Now for some betting action…
I spent all of yesterday with Iain Dale and Hopi Sen on the PLAY Talk Radio show covering the local election results, the PM’s press conference, the mother of all reshuffles, and general political debates of the day. By my reckoning we had between 4 and 6 months’ news yesterday, but the 9-and-a-half hour show was topped with a PoliticalBetting.com cherry: a competitive by-election sparked by the resignation of Labour MP Dr Ian Gibson in Norwich North. I could almost hear you all cheering as soon as the news was announced.
The results from 2005 gave Gibson a 5,459 (11.6%) majority – with Labour (44.9%), Conservative (33.2%), LibDem (16.2%), Green (2.7%), UKIP (2.4%), and Independent Bill Holden (0.7%).
The constituency is due for boundary changes at the next General Election which will remove the wards of Drayton and Taverham (increasing Labour’s notional majority). However, the by-election will be fought on the old boundaries, helping the Conservatives.
So what about candidates? I should declare something of an interest: the Conservative PPC, Chloe Smith, is a friend of mine from university, and irrespective of politics (we disagree about plenty) I think she is a formidable candidate who would make an excellent MP. Now that Dr Gibson has announced he will not be running as an Independent (the Labour Party’s Star Chamber barred him from being chosen for their nomination last week), most of us assumed that Stephen Morphew (Labour Leader of Norwich City Council) would take the nomination – however, he has recently ruled himself out of such a bid.
The Liberal Democrats had not chosen a PPC for this seat, and any chosen PPC would have had to reapply for the by-election anyway. Some rumours are already circulating that Nick Starling (aka Norfolk Blogger) might make use of the fact that he is both on the approved candidates’ list and lives in the constituency.
Glen Tingle is the expected candidate for UKIP, and Independent Bill Holden will surely run, adding another to the Independent candidacy of Craig Murray (former UK Ambassador to Uzbekistan, who ran against Jack Straw in Blackburn in 2005, winning 5% with 2,082 votes).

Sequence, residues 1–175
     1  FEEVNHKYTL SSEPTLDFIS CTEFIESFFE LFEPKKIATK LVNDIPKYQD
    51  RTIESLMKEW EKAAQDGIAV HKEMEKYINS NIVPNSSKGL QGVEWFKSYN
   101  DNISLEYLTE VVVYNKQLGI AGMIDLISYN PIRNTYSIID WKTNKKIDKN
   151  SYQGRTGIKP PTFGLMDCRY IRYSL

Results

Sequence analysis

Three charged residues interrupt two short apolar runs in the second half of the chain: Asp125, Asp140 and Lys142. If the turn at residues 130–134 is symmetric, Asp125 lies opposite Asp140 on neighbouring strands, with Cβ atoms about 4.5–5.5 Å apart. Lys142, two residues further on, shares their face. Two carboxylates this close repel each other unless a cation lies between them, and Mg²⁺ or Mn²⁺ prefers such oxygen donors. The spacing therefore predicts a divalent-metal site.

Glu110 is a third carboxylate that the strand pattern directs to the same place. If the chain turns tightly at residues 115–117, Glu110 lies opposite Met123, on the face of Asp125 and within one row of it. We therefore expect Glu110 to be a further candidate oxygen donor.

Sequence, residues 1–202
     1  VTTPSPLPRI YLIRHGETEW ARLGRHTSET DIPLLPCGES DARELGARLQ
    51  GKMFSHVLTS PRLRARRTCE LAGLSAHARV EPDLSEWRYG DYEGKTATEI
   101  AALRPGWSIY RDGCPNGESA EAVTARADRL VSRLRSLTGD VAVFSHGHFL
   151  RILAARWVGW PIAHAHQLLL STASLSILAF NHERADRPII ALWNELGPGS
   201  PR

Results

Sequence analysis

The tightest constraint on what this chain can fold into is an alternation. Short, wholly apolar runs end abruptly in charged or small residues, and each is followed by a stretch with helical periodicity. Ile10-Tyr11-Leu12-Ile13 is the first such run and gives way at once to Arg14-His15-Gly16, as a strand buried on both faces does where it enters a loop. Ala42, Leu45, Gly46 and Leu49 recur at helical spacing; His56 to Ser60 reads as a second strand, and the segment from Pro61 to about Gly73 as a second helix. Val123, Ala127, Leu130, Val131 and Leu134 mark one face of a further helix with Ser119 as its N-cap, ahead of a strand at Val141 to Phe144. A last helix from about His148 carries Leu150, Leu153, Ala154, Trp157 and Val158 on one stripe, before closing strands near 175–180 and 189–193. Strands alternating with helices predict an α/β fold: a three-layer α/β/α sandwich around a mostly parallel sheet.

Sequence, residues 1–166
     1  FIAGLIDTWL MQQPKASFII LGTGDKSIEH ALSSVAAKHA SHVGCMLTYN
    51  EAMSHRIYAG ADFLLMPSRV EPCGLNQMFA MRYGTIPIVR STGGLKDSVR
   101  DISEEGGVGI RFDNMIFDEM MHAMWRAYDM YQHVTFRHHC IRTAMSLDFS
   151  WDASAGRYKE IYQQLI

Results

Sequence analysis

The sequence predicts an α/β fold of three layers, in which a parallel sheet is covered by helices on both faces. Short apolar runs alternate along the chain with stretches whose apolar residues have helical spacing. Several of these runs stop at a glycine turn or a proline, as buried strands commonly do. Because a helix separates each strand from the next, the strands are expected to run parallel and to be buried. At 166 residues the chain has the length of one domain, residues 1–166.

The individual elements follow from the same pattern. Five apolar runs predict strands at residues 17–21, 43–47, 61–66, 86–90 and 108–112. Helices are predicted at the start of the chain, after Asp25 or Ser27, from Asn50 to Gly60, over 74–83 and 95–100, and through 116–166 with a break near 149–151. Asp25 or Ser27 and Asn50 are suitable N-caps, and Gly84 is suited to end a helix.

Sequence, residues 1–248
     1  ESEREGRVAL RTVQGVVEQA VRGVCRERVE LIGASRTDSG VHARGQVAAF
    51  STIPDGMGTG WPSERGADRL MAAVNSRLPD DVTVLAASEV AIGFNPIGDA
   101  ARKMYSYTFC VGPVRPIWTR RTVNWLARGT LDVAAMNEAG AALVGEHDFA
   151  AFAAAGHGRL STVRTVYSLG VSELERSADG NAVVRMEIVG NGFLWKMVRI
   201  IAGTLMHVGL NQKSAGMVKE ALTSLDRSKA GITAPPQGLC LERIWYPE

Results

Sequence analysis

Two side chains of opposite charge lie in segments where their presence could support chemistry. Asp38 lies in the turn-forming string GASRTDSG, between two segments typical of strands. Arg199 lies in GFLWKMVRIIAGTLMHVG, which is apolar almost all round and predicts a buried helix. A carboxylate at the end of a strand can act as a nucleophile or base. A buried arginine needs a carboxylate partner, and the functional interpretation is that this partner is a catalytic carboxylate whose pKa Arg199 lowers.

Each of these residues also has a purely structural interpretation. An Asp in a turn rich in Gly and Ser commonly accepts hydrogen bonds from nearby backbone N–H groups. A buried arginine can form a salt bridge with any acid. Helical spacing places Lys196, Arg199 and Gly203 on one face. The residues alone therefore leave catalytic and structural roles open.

The Greens are expected to put up a significant challenge here – other than Oxford and Brighton, this is the city most likely to return a Green MP. They are currently the second largest group on the City Council with 13 Councillors (behind Labour with 15, but well ahead of the LDs’ 6 and the Conservatives’ 5). However, when you examine the wards in play in the Northern constituency (as opposed to those in Charles Clarke’s constituency of Norwich South), the Greens appear to be concentrated around the University and other southern wards. They doubled their Westminster vote in Norwich South last time, but only increased by about 1% in the northern constituency in 2005.
As with any by-election, it is important to know the local issues that could lead to an unfaithful adherence to (and occasionally an abrogation of) the national expectations. Norwich seems to this outsider to be dominated by Housing and the new proposed status as a Unitary Authority. The former saw a national scandal, whereby the Council had evicted residents from LA-owned properties, only to see the Council’s own housing officers move in at a drastically-reduced rent.